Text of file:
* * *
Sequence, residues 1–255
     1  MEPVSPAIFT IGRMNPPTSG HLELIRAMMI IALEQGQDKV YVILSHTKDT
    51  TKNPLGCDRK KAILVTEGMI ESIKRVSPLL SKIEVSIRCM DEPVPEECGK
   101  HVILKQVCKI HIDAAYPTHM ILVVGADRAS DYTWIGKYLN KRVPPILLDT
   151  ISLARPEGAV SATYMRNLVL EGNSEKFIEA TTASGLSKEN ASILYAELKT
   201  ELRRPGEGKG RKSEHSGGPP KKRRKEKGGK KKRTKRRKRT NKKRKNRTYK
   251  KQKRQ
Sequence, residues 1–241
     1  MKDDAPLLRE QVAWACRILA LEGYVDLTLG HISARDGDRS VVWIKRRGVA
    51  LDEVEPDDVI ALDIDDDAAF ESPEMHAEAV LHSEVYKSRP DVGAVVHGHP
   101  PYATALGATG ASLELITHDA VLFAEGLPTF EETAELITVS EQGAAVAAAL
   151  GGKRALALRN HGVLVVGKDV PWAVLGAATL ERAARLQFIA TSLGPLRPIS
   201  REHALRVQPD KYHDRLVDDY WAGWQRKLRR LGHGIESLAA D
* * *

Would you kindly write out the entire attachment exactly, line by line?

Sequence, residues 1–255
     1  MEPVSPAIFT IGRMNPPTSG HLELIRAMMI IALEQGQDKV YVILSHTKDT
    51  TKNPLGCDRK KAILVTEGMI ESIKRVSPLL SKIEVSIRCM DEPVPEECGK
   101  HVILKQVCKI HIDAAYPTHM ILVVGADRAS DYTWIGKYLN KRVPPILLDT
   151  ISLARPEGAV SATYMRNLVL EGNSEKFIEA TTASGLSKEN ASILYAELKT
   201  ELRRPGEGKG RKSEHSGGPP KKRRKEKGGK KKRTKRRKRT NKKRKNRTYK
   251  KQKRQ
Sequence, residues 1–241
     1  MKDDAPLLRE QVAWACRILA LEGYVDLTLG HISARDGDRS VVWIKRRGVA
    51  LDEVEPDDVI ALDIDDDAAF ESPEMHAEAV LHSEVYKSRP DVGAVVHGHP
   101  PYATALGATG ASLELITHDA VLFAEGLPTF EETAELITVS EQGAAVAAAL
   151  GGKRALALRN HGVLVVGKDV PWAVLGAATL ERAARLQFIA TSLGPLRPIS
   201  REHALRVQPD KYHDRLVDDY WAGWQRKLRR LGHGIESLAA D